ABSTRACT RESEARCH PAPER: Simvastatin reduces S. aureus‐stimulated expression of C5aR on macrophages STUDENT: Michael Kushdilian DEGREE: Master of Arts COLLEGE: Science DATE: May, 2012 PAGES: 19 Inflammation is the hallmark response of the innate immune system in response to invading pathogen. It is orchestrated by macrophages and serves to contain and destroy pathogens. Not all pathogens can be immediately contained and eliminated. The spread of microorganisms can initiate sepsis, a life‐threatening medical condition defined as a systemic inflammatory response resulting from infection. Staphylococcus aureus is a Gram‐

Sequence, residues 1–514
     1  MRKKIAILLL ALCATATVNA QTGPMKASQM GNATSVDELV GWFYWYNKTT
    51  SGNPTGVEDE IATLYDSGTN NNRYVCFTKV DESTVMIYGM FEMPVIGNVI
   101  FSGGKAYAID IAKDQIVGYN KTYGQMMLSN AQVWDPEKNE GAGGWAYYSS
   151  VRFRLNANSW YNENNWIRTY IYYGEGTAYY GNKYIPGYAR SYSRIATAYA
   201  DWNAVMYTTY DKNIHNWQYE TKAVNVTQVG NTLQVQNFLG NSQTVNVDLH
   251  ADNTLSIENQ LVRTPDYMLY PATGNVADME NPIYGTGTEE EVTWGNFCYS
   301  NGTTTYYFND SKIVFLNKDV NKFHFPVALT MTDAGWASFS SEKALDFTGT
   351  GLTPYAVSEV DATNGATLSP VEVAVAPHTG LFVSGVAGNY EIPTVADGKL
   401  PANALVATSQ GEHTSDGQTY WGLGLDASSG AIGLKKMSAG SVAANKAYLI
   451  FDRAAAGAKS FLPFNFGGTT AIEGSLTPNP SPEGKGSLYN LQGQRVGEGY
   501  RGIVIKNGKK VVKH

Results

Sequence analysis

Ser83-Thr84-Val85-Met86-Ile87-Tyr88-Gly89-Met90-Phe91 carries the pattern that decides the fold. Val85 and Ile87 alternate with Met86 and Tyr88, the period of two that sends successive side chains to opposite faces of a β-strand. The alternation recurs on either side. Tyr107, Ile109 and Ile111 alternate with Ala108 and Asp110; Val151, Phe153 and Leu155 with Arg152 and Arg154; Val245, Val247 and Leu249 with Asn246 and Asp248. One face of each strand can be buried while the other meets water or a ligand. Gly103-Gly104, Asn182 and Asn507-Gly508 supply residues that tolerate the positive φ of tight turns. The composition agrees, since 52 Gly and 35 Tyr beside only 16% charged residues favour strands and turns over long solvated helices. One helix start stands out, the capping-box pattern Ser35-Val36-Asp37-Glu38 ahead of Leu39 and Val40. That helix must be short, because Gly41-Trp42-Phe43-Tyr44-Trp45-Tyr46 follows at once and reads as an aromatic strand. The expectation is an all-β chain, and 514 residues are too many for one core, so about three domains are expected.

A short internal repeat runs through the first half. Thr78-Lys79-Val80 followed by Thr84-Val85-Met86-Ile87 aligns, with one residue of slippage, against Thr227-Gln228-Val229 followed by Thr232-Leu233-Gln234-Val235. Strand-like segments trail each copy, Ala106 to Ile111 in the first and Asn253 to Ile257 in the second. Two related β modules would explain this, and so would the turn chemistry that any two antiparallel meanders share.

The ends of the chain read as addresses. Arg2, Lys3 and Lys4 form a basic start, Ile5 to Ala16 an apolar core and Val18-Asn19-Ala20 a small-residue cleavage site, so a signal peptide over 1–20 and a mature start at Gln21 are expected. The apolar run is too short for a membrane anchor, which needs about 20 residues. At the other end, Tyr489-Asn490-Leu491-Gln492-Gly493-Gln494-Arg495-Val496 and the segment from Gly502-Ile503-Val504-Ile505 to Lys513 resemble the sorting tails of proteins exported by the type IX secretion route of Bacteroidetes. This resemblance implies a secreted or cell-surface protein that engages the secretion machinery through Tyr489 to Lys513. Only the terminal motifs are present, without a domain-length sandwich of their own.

positive bacterium that is a prevalent cause of systemic infections resulting in sepsis. Statins, a class of lipid‐lowering drugs, have been shown to be protective for sepsis due to their anti‐inflammatory properties. While previous studies have examined the effects of statin treatments on macrophages and inflammation, the goal of these studies was to examine alterations in surface protein expression due to short‐term, low dose simvastatin pretreatment of macrophages infected with S. aureus in vitro. Simvastatin treatment did not decrease expression of activation markers, MHC Class II, CD80, CD86, and CD40 on macrophages in response to S. aureus, but was sufficient to decrease expression of C5aR. These data demonstrate the potent and specific ability of simvastatin to influence gene expression and highlight the regulatory potential of simvastatin on complement activity.